Lightning strikes

Spread the love


Blog 173   All this series of blogs can be found on the website of the Church of England Newspaper

“Knowing this first, that there shall come in the last days scoffers, walking after their own lusts.” – II Peter 3:3

And we’ve heard plenty from this lot since St Peter’s, Rome was struck by lightning on the day the pope announced his retirement. All over our intelligent newspapers uninformed unbelievers, in the grip of empiricist dogma, have poured scorn on the idea that those two events might be connected. But no one in his right mind would claim that the pope’s retirement speech caused the lightning strike. “It was just a coincidence,” say the hidebound sceptics whose false god is deterministic materialism. I agree with them that the event was a coincidence – but it wasn’t only a coincidence.

By way of trying to account for strange happenings which appear to be significant but for which empiricism can offer no explanation, the Nobel prizewinning physicist Wolfgang Pauli and the psychologist C.G. Jung together produced a paper called Synchronicity: An Acausal Connecting Principle. Combining the insights of quantum mechanics and depth psychology, they asserted that near or simultaneous events may be linked without the relation between them being a case of cause and effect. This was and is ridiculed as primitive, unscientific superstition by the gormless determinists. But in order to justify their dismissal of synchronicity, they would have to believe that physics ended with the clockwork version of it taught by Isaac Newton.

But in the quantum world real events occur without causes. So it is sheer blindness (or bigotry) to assert that the only connections which happen in the world are causal connections. The so called law of cause an effect is, as Immanuel Kant pointed out, only a necessary conjecture made by the human mind. Kant showed beyond doubt that space, time and causality are a priori categories of experience. To put this in a way that even the mocking determinists ought to be able to understand: we cannot even begin to think about the physical universe without first assuming the reality of space, time and causality.  Thus the great Kant demonstrated the truth expressed by Hamlet: “There are more things in heaven and earth, Horatio, than are dreamt of in your philosophy.” We have been doing science for a mere 400 years and so to pretend that the useful statistical generalisation – which is all the law of cause and effect is – explains all the connections in the universe is both arrogant and foolish.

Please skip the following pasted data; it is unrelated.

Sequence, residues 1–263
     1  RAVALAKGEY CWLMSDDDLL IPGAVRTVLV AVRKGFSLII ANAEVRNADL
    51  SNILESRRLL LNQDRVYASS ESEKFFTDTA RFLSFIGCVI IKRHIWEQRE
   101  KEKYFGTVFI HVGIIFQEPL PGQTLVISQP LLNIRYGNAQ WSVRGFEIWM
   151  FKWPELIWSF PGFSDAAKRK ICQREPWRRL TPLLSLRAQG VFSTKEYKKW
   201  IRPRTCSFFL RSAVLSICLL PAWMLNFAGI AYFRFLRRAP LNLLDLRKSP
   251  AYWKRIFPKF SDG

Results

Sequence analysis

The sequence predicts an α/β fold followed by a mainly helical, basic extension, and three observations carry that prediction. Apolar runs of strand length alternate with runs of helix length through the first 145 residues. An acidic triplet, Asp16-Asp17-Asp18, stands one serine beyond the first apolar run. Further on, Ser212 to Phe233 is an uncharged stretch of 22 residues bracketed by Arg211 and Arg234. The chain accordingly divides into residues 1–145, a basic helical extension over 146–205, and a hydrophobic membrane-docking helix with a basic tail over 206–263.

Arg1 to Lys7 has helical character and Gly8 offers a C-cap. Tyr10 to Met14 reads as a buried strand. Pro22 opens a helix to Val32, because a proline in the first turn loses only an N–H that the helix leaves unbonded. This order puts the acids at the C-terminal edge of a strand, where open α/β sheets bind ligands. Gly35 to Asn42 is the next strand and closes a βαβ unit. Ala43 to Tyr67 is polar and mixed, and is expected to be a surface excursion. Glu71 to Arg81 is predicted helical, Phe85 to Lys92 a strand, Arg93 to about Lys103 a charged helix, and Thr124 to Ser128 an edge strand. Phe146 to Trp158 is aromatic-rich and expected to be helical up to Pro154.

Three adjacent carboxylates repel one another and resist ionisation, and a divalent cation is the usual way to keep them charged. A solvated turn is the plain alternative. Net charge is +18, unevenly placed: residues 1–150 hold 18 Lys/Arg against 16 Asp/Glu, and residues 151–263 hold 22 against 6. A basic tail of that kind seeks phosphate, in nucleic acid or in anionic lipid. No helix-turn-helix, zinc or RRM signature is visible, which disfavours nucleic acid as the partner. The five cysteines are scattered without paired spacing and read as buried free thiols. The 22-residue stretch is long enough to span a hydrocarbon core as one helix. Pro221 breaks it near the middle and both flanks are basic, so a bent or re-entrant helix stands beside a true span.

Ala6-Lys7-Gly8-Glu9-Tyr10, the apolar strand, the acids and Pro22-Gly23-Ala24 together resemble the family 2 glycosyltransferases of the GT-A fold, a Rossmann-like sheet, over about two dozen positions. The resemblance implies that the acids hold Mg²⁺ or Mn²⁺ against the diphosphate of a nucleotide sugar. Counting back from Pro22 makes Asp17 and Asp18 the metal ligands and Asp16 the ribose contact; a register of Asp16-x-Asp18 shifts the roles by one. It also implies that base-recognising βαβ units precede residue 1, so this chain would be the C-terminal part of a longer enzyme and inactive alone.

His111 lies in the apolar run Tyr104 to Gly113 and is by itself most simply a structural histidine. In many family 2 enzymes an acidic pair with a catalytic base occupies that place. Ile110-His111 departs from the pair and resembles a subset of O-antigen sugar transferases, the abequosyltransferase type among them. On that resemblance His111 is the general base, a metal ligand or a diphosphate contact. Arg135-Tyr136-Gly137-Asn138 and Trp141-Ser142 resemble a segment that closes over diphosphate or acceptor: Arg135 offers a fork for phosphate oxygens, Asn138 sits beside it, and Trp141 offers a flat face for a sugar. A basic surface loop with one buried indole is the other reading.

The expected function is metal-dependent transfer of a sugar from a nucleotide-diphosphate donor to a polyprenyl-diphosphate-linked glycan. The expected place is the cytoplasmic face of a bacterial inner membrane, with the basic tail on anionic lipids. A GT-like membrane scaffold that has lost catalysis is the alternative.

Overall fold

Shakespeare again – in Julius Caesar – “When beggars die, there are no comets seen; the heavens themselves blaze forth the death of princes.” The comet didn’t cause the assassination of Caesar, but its appearance at the same time was perhaps not insignificant. And if we could find a way of investigating what we mean by significance in such cases, our understanding would be enriched.

The Bethlehem Star is another example of synchronicity. It didn’t cause the Incarnation, but it certainly marked the event. It was what the biblical writers knew for a miraculous sign – what Jung and Pauli called an example of synchronicity. History affords thousands of similar examples. Very well, today there has been a spectacular meteor shower over Russia and tonight a largish asteroid will pass within 17,000 miles of earth – the nearest of any recorded. Neither of these events will cause any political, social or ethical happenings. That does not render them insignificant.

Look up at the sky tonight. And watch this space…

(PS Jung’s edition of the paper he wrote with Pauli is in his Collected Works, volume 8)